Studio Diary for a Solo Show: Part 1
On July 31st, my solo show, Hiatus, will open at China Heights Gallery in Sydney. The exhibition will feature a set of new black and white illustrations and a large-scale mural. While I have been developing ideas for the show over the last 6 months, the majority of the drawings will be finalised within the next 3 weeks. Most of my studio time is spent working as a commercial artist, creating logotypes, illustrations, and type treatments for brands and advertising campaigns. So it’s both exciting and daunting to be able to dedicate my time to some personal work. Today, I’m going to share with you some of the early stages of ideation and development for this show, and the processes I go through before creating the actual work. Although the stages appear clearly structured here, in reality it can be disorganised and stressful! I’ll check in again closer to the show and give you an update of how it’s all coming together.
1. RESEARCH + IMAGE GATHERING
Gathering research, visual inspiration and ideas is an ongoing practice in the studio and while I travel. I am constantly screen grabbing imagery, illustrations, patterns, and photographs that are in some way appealing to me. Sometimes it’s specifically for a technique or approach, other times it’s more from a conceptual point of view. For this particular show (as with many of my works) I am working in black and white. Some artists whose work I love and who often feature in my collection are Jonathon Zawada, ilovedust, Luca Zamoc, BrokenFingaz, Jordan Metcalf, Japanese comic imagery, and vintage drop caps and letterforms. In addition to this I have many images or Art Nouveau lettering and decoration that I photographed while in Barcelona which will likely appear in some form in the work.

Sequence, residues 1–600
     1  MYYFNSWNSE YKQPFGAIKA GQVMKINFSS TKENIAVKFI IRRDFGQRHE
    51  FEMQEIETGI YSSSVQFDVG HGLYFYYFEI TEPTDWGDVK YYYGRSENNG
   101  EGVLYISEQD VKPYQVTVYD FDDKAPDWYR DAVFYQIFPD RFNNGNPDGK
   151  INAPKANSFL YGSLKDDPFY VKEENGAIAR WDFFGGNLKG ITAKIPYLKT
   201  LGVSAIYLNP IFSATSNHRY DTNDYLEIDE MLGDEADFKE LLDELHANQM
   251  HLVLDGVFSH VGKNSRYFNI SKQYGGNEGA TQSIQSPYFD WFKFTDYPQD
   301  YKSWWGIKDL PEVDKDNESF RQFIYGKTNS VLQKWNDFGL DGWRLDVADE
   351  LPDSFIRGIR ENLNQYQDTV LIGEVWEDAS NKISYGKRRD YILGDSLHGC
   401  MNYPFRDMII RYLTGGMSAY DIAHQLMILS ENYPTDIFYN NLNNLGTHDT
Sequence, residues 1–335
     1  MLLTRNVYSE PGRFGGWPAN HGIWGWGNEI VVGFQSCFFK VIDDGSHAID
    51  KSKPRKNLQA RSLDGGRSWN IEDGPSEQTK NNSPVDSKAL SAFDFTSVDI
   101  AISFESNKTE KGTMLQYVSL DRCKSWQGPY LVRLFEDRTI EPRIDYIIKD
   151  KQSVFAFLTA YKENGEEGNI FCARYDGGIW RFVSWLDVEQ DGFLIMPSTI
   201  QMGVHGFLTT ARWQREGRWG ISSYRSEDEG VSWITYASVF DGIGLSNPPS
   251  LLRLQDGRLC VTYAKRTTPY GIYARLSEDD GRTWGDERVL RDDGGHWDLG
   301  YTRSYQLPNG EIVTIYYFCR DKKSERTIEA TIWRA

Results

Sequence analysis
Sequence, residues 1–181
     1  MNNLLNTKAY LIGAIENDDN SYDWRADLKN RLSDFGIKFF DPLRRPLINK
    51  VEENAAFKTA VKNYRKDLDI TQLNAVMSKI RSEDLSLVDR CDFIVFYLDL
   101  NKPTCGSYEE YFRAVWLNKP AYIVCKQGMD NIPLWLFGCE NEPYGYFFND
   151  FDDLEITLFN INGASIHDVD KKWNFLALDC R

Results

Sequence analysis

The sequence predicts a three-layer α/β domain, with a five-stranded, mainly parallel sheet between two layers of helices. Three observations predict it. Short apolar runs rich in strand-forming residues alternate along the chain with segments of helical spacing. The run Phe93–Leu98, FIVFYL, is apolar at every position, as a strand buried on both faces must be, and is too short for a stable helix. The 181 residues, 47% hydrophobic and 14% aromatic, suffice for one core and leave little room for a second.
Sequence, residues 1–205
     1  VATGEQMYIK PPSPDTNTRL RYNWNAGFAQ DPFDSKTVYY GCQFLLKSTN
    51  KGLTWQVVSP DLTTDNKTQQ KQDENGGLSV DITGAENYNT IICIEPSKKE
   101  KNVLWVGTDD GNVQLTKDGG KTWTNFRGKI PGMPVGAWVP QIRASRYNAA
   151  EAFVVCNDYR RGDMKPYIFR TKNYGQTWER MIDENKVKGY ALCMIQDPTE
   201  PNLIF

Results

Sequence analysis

2. WORD COLLECTION